Pressed Terrine of Yorkshire Gammon with Fried Ledstone Quail Egg, Spiced Pineapple Pickle, Mustard Seed Dressing

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Preparation info

  • Starter-

    One

    terrine
    • Difficulty

      Medium

    • Ready in

      25 hr

Appears in

Black Pudding & Foie Gras

By Andrew Pern

Published 2008

  • About

A play on the pub grub classic gammon, egg and pineapple. Pressed Ham Knuckle Terrine, a gently fried quail egg perched on top with a rich golden chutney spooned around is again another firm favourite on The Star Inn menu. Great for dinner parties.

Ingredients

  • 3 ham knuckles
  • 6 bay leaves
  • 1 large onion chopped in half
  • 2 peeled carrots
  • 6 whole cloves
  • 6 black peppercorns
  • 50 g mixed leaves & herbs
  • 20 g finely chopped flat parsley
  • 1 quail egg per portion
  • a drop of olive oil
  • spiced pineapple pickle
  • 20 ml grain mustard vinaigrette
  • 6-8 slices York ham
  • 2 slices soaked leaf gelatine
  • ground mixed spice

    Method

    Place the ham knuckles, bay leaves, and peppercorns in a deep pan, cover with cold water and bring to the boil and simmer for 2½ - 3 hours until tender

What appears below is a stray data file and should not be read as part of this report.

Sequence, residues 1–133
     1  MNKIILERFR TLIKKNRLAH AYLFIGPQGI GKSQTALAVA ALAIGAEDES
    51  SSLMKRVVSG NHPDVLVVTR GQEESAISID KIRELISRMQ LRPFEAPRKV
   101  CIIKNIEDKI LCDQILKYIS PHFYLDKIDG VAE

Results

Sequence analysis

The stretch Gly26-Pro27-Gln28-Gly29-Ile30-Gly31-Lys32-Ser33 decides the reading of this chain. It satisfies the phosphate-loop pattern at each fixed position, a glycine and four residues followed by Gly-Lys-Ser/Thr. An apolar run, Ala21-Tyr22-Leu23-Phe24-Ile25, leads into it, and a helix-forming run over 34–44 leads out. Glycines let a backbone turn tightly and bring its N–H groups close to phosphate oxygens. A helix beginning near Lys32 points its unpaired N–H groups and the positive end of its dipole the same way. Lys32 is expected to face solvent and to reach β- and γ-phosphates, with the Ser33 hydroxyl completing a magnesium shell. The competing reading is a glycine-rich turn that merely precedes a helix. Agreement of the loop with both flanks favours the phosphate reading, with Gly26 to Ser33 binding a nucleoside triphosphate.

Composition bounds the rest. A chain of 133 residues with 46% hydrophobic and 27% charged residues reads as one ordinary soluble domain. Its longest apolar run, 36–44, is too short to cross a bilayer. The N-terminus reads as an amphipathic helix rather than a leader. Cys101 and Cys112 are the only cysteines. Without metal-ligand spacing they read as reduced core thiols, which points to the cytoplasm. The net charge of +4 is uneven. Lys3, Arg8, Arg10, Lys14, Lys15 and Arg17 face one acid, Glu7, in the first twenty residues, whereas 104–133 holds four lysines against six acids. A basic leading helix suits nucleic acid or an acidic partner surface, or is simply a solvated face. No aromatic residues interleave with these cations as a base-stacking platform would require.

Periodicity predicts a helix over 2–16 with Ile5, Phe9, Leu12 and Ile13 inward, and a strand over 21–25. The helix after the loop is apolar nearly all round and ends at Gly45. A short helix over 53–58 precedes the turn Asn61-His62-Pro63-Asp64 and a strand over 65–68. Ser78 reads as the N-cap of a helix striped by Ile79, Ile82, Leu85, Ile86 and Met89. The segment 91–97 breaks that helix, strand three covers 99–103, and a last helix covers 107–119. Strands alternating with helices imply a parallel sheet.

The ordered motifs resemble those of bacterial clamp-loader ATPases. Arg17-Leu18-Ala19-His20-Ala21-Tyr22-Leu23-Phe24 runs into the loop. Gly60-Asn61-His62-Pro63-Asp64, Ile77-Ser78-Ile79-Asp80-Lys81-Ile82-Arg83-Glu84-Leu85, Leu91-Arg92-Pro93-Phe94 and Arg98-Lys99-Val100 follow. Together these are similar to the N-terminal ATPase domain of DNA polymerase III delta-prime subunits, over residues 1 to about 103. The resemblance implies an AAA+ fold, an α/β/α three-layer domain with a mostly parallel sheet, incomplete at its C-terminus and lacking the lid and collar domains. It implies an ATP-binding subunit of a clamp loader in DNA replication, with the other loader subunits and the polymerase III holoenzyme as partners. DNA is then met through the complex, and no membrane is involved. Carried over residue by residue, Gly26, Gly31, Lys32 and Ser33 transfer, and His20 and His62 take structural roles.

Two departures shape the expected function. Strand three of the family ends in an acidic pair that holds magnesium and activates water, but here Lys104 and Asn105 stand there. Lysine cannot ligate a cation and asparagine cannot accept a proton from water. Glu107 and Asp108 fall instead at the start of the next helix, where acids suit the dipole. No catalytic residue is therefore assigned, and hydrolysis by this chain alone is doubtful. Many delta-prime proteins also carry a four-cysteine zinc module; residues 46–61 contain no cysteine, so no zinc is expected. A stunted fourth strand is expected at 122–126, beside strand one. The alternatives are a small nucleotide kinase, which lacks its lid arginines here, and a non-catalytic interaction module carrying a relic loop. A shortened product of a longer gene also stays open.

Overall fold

While the ham knuckles are cooking, line a terrine mould with cling film, then with thin slices of York Ham. Once the hams are cooked, remove from the pan, leave to cool slightly, then, while warm, remove the meat from the bone. Place in a small bowl with the shallots, seasoning and flat parsley. Mix and combine thoroughly, then pack into the terrine mould. Ladle 500 ml of the ham stock into a pan, check it is not too salty (if so, dilute stock with water, before taking the 500 ml). Warm it gently before adding the gelatine, pour liquid over the ham into the terrine. Overlap the edges of York Ham to cover the ham pieces. Cover with cling film. The terrine needs to be quite solid and ‘packed’. Place in a fridge with a uniform weight on top for even pressing. Leave overnight.

    Spiced Pineapple Pickle

    To make the pickle, put all the ingredients into a heavy bottomed pan, stir in a pinch of salt and simmer gently for about 1½ hours until a golden yellow colour. When at the right consistency, spoon into an airtight jar. Leave to cool, then seal the jar. This can be made in advance and will keep for 3 - 4 weeks.

    To present the dish, turn out the terrine, unwrap the cling film, then with a sharp knife slice approx. 2 cm thick and place in the centre of a cold dinner plate. Shallow-fry the quails’ egg in a little olive oil. Spoon three piles of pickle at intervals around the terrine with a little leaf garnish again at intervals between them. Place the egg on top, grind a little black pepper on top, then drizzle the mustard seed dressing around Serve immediately.

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